Bob Stulich of the Two Inlets area loves crappie fishing. While most area anglers focus on the pursuit for walleyes, smallmouth or big pike and musky, for Stulich it's fall crappie fishing.
October holds the best fishing of the season for all game fish. In my opinion, it's a prime time for catching quantity and quality of freshwater game fish. Lakes transition from summer warmer water temperatures of 70 degrees to cooler water with temps in the 50s. Game fish become easier to find this time of year. They are active, eager to take anglers' offerings, then actually move out of the weed beds and edges looking for food into deeper water and easier for anglers to catch.
Stable weather is very important to fishing success, but that’s not always the situation. July is vacation time, a week looked forward to for months. If on a fishing vacation, it can be frustrating to be on shore when severe weather rolls through the area. Rainfall run off will bring large amounts of food and nutrients into the lake.
Friends are those special people in our lives who leave a permanent mark. Dave Speral was one of those friends. Together we shared a love of the outdoors on many a hunting and fishing escapade. That is, if we weren’t fishing, getting ready to go fishing, tying jigs, rigging boats and scouring sporting goods stores for the latest and greatest in fishing tackle and equipment.
Weeks remain before the opening day of the Minnesota walleye season. Anglers have a lot of time to pursue one of the state’s top-rated fish: the crappie.
Jeff Forester, Executive Director Minnesota Lakes and River Advocacy Group, appeared with a number of other aquatic invasive species (AIS) experts and community leaders for a presentation Tuesday at Riverside United Methodist Church. These invited guests of Chip Nielson included Julie Kingsley, Hubbard County Soil and Water Conservation District; Nicole Kovar, Minnesota DNR AIS Specialist; and Lynn Goodrich, President of Hubbard County Coalition of Lake Associations.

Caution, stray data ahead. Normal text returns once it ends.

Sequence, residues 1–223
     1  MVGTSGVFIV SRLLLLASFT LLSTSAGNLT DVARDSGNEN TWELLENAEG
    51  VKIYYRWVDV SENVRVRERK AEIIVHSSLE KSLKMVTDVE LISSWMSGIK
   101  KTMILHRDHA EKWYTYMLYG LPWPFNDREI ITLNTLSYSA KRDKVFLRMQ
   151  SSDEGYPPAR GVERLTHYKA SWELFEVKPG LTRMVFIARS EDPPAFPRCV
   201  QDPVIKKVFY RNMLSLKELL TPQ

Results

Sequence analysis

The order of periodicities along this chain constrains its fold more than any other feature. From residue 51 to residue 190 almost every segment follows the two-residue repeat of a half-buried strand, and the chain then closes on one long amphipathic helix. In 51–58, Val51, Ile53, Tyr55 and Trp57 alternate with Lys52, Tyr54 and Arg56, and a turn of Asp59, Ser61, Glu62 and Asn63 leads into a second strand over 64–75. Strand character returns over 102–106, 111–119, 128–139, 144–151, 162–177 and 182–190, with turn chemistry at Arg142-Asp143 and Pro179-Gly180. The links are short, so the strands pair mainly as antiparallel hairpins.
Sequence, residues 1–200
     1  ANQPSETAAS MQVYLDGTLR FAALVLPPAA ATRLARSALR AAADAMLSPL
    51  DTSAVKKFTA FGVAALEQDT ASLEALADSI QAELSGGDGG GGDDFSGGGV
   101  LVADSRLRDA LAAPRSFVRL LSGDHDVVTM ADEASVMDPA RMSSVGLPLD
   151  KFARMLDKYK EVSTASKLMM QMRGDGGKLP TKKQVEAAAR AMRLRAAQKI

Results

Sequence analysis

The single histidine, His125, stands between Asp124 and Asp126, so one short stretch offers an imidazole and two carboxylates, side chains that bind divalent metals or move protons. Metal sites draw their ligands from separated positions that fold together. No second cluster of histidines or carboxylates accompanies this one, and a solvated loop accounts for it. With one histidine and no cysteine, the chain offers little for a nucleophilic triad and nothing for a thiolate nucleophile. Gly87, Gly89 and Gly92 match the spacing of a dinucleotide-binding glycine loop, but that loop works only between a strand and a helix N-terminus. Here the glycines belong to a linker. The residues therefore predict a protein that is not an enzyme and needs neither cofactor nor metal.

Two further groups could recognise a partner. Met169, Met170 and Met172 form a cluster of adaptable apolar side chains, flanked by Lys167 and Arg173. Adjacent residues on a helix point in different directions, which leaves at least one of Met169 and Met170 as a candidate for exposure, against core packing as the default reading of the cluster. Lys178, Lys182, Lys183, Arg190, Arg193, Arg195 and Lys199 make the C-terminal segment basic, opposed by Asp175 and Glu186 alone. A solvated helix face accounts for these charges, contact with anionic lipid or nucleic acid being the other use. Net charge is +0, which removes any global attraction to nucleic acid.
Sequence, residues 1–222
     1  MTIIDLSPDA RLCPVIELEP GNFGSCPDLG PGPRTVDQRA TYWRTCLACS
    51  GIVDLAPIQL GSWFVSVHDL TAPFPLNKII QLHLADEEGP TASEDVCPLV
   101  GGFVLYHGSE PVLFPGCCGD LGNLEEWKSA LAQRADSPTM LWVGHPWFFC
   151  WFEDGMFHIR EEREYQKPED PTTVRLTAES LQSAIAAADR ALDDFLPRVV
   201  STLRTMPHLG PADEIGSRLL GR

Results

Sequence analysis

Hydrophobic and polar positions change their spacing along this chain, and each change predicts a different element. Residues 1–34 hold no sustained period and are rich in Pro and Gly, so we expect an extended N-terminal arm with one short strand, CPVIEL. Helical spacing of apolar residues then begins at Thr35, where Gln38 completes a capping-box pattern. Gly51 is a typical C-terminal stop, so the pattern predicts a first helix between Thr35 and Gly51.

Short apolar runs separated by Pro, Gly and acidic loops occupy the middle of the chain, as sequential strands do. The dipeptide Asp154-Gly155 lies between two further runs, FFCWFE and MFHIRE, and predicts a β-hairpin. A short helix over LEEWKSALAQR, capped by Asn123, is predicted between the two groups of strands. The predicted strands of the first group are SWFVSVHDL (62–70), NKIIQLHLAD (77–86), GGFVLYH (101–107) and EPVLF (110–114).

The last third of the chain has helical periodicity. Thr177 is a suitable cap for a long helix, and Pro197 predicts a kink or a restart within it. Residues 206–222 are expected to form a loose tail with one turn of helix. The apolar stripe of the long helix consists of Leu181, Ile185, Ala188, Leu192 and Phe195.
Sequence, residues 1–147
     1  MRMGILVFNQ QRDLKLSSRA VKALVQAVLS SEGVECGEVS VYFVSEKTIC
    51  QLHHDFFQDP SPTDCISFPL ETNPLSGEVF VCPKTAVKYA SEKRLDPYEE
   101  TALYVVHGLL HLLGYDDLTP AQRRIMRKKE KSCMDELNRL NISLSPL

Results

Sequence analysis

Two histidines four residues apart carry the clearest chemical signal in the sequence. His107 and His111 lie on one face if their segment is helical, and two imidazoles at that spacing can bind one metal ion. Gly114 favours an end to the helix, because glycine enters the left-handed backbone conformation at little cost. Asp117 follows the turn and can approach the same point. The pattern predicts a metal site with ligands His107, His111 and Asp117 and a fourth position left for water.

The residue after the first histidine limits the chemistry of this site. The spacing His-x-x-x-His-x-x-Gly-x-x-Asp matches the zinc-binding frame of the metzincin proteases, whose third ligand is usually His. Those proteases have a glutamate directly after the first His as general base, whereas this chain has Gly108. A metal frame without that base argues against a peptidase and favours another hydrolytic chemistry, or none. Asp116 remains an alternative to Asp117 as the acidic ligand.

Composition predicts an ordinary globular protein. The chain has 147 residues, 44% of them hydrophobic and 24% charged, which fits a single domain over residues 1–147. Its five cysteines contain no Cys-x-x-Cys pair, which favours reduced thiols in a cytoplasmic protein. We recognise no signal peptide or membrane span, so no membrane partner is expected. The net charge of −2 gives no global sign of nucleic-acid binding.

Sam Cook, nationally prominent outdoor writer, enjoyed a day in Northern Minnesota doing what he loves most - reporting on the outdoors, which included winter crappie fishing. When the article came out he included the name of the lake, which in some people’s opinion was not a good idea. Myself, I’m reluctant to give out my best crappie lakes and spots for fear the throngs of anglers converge on the lake. In the mix to consider, fishermen who overharvest on trip after trip, taking more than their limit when the crappies are on a bite.
Backing into one of our area lake accesses, docks on shore, is evidence that the open water fishing season is all but over. For some of us it isn’t over until it’s over. Trophy sized northern pike and musky are on the prowl right now. Few anglers go after these massive fish. Now is the time to put percentages in fisherman favor. Want a trophy, the time is now! Walleye anglers, the few that have their boats out, find action restricted to the first hour or so of daylight and again at dusk, typical ice fishing hours.